someone else i have know where to run to one day a friend of my told me
      about Dr Gboco
      on how powerful he is and how he has also help her with spell so i have
      to contact him immediately on his email: gbocotemple@yahoo.com and he
      told me what i have to do which i did and after 7days i started seeing
      some charges in my body and i have to go and have a test carried out on
      me and find out that i was pregnant and it was just like a dream to me
      and i and my husband are very happy now and even the family member love
      me more than ever before and i had my baby delivered on may this years
      thanks to Dr Gboco.

      • emmalilly

        What nursing home do you reside?

    • ted

      “we have to do something about wages” This probably from the same person who thinks that private pay is far too expensive. Cause and effect people.

    • Christina Honigberg

      Having worked and had a family member in a nursing home I noticed so much stealing from patients my husband included . I was so frustrated I wrote a letter put it in my husbands drawer and I said this. If you are stealing because you are in need please come to me I will help you but if you are not and you take from my husband again I will inform the police. The following day I was informed by the nursing supervisor i had no business doing this . I say to you if you have a member of your family in a nursing home be aware of this . Your loved one only has you to look out for them.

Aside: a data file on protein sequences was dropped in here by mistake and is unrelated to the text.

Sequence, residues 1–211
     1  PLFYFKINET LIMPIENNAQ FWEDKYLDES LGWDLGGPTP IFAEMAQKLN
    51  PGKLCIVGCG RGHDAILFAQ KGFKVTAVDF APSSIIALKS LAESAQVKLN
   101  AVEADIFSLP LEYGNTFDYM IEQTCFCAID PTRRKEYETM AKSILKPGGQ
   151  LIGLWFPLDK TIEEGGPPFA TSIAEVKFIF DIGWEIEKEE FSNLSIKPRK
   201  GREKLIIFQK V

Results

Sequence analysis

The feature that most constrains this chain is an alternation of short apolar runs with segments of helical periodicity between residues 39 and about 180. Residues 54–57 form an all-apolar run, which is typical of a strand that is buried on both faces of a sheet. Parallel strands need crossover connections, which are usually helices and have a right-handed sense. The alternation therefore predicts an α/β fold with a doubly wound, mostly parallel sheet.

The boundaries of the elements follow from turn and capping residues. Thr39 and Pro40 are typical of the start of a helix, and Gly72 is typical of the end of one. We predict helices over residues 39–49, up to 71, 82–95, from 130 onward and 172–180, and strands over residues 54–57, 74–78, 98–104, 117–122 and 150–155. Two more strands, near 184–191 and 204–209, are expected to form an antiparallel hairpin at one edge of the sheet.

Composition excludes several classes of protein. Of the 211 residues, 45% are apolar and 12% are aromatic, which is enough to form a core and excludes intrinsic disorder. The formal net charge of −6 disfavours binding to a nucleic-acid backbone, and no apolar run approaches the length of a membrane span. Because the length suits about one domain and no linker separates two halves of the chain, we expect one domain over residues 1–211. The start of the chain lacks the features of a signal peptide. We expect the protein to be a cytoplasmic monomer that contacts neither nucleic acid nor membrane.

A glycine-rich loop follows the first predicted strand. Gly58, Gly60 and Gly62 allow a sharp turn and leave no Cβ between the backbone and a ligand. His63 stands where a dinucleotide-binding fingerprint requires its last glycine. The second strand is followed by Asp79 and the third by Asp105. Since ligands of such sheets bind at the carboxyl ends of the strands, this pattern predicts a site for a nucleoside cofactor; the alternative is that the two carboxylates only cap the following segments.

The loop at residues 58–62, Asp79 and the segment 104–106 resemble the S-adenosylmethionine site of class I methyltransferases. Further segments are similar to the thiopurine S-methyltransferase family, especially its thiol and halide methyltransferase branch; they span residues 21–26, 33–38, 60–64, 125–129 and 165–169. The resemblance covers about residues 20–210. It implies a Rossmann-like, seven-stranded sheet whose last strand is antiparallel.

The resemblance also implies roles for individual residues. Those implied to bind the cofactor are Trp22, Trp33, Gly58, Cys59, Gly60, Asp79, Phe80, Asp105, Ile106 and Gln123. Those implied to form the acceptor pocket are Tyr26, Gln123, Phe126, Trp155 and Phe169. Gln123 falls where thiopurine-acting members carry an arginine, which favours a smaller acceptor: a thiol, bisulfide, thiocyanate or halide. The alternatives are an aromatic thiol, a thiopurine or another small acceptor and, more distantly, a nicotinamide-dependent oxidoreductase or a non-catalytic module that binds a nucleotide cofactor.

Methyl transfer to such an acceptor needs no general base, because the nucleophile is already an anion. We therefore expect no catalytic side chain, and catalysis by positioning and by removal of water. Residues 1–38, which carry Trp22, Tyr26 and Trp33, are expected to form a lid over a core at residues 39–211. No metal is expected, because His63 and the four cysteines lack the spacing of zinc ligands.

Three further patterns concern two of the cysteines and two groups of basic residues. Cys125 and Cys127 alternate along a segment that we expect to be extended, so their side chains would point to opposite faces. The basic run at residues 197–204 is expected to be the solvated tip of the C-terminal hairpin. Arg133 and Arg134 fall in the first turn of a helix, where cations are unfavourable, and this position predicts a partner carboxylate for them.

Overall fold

• Droman

        The important question is, how did the NS find out about the letter?

        There’s something fishy here. It seems to me she had an awfully strong reaction to that letter. Was SHE the one stealing? Maybe she found it and didn’t like the idea of “getting caught”, so to speak. If another resident brought the letter to her, what was that resident doing in your husband’s drawer? And why didn’t she do anything about it?

        I live in a nursing home in NE Los Angeles. As I write this, and the more I think about it, the more I feel the guilt is hers. Just a thought.

        Adieu

    • You gotta discharge-sorry

      I agree with all except the one about the discharge planners. You have to stay 3 midnights in the hospital to get Medicare to cover the care in a long term care facility, but if your condition does not require hospitalization after day three, you do have to discharge the hospital, whether you have found your optimum facility or not. Your statement is extremely misleading. People can’t just hang out in the hospital while taking days and days to shop nursing homes. Right or wrong, that is the reality.

      • choose later